It’s important to remain patient and positive throughout the job interview process, even if it stretches out over several weeks. Keep the lines of communication open with the hiring manager or HR representative, and follow up with a thank-you note after each job interview. This demonstrates your continued interest in the position and can help keep you on top of your mind as the hiring decision is made.

Close on a positive, enthusiastic note

Asking about the next step in the hiring process is an important part of the job interview wrap-up. This shows the interviewer that you are eager to move forward and that you are organized and proactive. It also helps you to gain a better understanding of the timeline for the hiring decision and what to expect in the coming days or weeks.

After asking about the next steps, it’s important to thank the interviewer for their time and reiterate your interest in the job. This helps to leave a positive impression and shows that you are enthusiastic about the opportunity. Be sure to maintain good eye contact, smile, and offer a firm handshake before leaving. These small gestures can go a long way in demonstrating your professionalism and likability.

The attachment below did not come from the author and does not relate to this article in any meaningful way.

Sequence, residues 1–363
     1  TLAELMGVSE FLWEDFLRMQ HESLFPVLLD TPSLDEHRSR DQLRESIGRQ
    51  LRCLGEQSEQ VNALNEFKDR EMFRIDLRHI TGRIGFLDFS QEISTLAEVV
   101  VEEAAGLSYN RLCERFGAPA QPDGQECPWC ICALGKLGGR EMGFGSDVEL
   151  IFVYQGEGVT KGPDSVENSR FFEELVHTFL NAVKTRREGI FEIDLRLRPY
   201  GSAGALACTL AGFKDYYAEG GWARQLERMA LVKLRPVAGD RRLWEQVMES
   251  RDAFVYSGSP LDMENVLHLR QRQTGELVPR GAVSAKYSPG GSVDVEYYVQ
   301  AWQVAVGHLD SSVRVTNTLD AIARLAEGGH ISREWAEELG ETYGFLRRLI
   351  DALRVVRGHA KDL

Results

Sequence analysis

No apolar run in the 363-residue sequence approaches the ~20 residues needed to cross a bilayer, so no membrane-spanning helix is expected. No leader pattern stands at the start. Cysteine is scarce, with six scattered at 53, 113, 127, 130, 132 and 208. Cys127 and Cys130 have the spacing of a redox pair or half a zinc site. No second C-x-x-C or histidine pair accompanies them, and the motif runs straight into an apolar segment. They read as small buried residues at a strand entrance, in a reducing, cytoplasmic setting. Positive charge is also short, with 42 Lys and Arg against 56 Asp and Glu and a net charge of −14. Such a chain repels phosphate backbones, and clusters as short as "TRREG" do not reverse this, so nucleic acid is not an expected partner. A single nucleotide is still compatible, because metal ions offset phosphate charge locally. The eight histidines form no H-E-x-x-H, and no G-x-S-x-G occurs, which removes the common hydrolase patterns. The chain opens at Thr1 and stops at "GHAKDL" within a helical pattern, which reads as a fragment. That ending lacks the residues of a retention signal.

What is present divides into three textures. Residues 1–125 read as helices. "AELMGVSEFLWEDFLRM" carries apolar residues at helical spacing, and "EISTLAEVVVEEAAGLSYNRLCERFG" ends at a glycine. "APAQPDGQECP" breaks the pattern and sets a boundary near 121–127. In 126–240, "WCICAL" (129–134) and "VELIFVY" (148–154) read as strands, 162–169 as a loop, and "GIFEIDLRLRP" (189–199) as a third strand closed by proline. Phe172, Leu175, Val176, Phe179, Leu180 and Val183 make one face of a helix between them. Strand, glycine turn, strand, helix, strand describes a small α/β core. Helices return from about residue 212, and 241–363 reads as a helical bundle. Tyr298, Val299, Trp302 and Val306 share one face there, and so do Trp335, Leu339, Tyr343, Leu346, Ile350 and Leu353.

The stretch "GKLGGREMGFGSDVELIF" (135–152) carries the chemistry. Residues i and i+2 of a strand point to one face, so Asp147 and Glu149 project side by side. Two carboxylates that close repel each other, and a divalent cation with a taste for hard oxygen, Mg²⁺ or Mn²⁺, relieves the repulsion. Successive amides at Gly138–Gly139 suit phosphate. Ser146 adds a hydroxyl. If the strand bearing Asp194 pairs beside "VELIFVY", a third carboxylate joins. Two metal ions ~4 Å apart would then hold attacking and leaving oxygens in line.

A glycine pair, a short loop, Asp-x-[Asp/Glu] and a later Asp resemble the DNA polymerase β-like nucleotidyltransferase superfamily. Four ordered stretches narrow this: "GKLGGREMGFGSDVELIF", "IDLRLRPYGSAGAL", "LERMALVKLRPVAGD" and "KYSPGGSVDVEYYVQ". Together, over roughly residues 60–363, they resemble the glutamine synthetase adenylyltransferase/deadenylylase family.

It’s also important to leave the interview quickly and courteously. Don’t linger or overstay your welcome, as this can be seen as disrespectful or unprofessional. Instead, thank the interviewer once again and make a polite exit. This helps to ensure that the interviewer’s schedule stays on track and that they have time to meet with other candidates or attend to other responsibilities.

No job interview is complete until you follow up with a thank-you note